Best practice among builders of modern high-performance homes in most North American climates is to build as tight as possible, and then ventilate with a well-designed mechanical system. Even though this uses a little energy, you are likely to save more heating and cooling energy from having a tight house than you will use to ventilate. Mechanical ventilation is achieved in one of three ways: exhaust-only, supply-only, and balanced. To varying degrees, all of these strategies are more economically installed in new houses and more difficult to do as retrofits, because access in existing houses may be poor.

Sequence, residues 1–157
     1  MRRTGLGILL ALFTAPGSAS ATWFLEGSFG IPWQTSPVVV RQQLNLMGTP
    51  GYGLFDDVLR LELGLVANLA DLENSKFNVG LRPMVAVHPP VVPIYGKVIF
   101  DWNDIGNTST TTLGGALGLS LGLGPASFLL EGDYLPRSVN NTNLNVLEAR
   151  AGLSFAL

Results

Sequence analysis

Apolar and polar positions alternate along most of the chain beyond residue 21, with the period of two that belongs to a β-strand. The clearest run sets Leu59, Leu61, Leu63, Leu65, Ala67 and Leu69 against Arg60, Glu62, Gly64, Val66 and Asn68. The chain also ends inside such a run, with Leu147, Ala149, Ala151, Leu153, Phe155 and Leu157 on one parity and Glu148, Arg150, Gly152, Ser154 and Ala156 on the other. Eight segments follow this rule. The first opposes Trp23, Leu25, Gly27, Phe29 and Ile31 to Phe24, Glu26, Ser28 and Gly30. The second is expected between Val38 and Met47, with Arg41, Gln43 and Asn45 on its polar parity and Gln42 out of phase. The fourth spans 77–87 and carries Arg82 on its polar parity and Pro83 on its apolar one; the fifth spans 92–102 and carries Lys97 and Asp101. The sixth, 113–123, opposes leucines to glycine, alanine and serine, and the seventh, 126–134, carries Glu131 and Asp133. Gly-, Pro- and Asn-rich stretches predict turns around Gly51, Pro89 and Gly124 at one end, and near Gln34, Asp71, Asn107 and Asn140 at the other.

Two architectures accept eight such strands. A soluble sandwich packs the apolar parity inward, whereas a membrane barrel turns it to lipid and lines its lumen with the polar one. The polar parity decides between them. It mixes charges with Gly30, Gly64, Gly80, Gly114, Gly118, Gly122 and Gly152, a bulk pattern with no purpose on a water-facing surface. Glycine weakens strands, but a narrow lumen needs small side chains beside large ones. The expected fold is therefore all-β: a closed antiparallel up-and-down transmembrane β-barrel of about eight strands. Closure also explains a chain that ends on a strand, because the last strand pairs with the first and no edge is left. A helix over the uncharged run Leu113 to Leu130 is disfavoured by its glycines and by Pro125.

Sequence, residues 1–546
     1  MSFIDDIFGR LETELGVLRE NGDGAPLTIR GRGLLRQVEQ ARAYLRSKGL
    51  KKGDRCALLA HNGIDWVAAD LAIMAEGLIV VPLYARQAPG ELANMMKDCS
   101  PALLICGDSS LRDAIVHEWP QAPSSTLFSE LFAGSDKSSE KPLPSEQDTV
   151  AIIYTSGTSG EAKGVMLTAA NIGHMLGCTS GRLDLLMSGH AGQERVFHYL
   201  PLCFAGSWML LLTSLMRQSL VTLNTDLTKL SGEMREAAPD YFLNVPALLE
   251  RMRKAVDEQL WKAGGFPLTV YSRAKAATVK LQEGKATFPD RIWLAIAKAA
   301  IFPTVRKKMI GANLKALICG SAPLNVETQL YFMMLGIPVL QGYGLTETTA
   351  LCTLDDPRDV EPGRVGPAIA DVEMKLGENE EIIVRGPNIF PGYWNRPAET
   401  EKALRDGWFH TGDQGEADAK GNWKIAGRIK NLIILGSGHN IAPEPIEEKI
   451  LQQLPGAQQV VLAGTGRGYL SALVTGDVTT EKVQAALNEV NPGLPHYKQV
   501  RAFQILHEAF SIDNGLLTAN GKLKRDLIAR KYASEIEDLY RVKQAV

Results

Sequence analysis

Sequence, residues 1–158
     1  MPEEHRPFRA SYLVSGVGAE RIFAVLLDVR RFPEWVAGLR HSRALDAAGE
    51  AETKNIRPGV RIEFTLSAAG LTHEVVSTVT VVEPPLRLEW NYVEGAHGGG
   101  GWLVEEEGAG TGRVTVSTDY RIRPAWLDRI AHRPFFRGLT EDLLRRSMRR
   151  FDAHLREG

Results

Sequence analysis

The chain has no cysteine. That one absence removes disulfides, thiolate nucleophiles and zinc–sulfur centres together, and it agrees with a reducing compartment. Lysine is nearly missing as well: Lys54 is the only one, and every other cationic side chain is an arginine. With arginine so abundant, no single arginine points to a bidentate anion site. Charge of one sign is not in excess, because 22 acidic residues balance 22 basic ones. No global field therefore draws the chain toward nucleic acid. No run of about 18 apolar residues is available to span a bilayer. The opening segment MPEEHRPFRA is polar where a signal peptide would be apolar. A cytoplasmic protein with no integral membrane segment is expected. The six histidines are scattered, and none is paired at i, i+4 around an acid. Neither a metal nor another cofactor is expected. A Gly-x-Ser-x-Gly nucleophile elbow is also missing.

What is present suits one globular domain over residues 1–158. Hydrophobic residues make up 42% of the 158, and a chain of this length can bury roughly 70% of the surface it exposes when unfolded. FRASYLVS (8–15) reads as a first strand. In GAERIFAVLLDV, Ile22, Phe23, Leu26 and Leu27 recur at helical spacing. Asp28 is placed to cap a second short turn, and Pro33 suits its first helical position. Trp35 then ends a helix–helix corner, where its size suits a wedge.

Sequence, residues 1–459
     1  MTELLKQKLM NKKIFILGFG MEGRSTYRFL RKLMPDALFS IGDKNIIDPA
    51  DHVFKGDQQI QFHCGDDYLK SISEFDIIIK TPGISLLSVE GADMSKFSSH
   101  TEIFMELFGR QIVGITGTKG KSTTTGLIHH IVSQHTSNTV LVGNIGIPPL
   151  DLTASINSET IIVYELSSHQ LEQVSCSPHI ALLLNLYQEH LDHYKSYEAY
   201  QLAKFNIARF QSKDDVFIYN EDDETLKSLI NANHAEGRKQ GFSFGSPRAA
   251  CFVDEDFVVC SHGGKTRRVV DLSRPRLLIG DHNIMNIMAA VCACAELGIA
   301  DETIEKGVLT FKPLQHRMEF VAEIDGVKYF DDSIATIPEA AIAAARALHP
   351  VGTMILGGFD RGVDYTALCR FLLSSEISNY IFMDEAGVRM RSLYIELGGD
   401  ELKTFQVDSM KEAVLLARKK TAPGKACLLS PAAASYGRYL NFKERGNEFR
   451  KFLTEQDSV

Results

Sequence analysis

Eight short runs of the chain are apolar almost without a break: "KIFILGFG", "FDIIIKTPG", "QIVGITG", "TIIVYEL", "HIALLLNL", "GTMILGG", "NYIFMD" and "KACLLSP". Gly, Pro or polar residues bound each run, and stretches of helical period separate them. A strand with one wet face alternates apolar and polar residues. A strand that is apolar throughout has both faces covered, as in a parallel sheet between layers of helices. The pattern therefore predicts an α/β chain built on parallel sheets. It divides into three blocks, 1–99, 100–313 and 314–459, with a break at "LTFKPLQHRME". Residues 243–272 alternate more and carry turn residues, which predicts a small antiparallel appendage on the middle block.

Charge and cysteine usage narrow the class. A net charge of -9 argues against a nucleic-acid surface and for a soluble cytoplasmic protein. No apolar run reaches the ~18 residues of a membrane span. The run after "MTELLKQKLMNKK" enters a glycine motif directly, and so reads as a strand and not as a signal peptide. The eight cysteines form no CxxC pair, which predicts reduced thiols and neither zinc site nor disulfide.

Exhaust fans (kitchen, bathroom, and/or whole-house fans) tend to “depressurize” the building, causing infiltration of outside air through any cracks or openings it can find. In the North, where winter is more intense than summer, exhaust-only ventilation may be adequate without inviting damage from moisture. Because summers tend to be short and moderate in cold climates, except for a few days, the building is unlikely to be damaged by occasionally drawing in very hot and humid air through the structure. Conversely, exhaust-only ventilation strategies should not be used in the South. If hot and humid air is drawn into the building for months on end, condensation, mold, and damage are likely to develop.